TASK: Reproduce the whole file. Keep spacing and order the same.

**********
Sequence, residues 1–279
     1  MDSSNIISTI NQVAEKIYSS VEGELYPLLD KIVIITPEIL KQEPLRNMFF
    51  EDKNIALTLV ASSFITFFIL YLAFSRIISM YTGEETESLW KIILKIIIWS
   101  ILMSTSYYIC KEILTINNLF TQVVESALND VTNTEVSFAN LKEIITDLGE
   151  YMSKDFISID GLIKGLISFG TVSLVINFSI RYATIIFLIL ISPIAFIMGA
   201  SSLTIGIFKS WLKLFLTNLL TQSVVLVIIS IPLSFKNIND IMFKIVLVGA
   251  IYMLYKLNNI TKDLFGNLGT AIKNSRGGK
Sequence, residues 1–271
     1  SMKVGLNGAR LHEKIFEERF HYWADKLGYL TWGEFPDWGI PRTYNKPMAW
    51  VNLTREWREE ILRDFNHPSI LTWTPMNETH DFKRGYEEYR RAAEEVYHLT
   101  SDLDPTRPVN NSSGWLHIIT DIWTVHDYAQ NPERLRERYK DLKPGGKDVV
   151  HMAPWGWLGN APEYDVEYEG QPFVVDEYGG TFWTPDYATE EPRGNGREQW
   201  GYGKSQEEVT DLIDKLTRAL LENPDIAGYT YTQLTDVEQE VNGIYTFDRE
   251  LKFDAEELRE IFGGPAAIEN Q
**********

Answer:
Sequence, residues 1–279
     1  MDSSNIISTI NQVAEKIYSS VEGELYPLLD KIVIITPEIL KQEPLRNMFF
    51  EDKNIALTLV ASSFITFFIL YLAFSRIISM YTGEETESLW KIILKIIIWS
   101  ILMSTSYYIC KEILTINNLF TQVVESALND VTNTEVSFAN LKEIITDLGE
   151  YMSKDFISID GLIKGLISFG TVSLVINFSI RYATIIFLIL ISPIAFIMGA
   201  SSLTIGIFKS WLKLFLTNLL TQSVVLVIIS IPLSFKNIND IMFKIVLVGA
   251  IYMLYKLNNI TKDLFGNLGT AIKNSRGGK
Sequence, residues 1–271
     1  SMKVGLNGAR LHEKIFEERF HYWADKLGYL TWGEFPDWGI PRTYNKPMAW
    51  VNLTREWREE ILRDFNHPSI LTWTPMNETH DFKRGYEEYR RAAEEVYHLT
   101  SDLDPTRPVN NSSGWLHIIT DIWTVHDYAQ NPERLRERYK DLKPGGKDVV
   151  HMAPWGWLGN APEYDVEYEG QPFVVDEYGG TFWTPDYATE EPRGNGREQW
   201  GYGKSQEEVT DLIDKLTRAL LENPDIAGYT YTQLTDVEQE VNGIYTFDRE
   251  LKFDAEELRE IFGGPAAIEN Q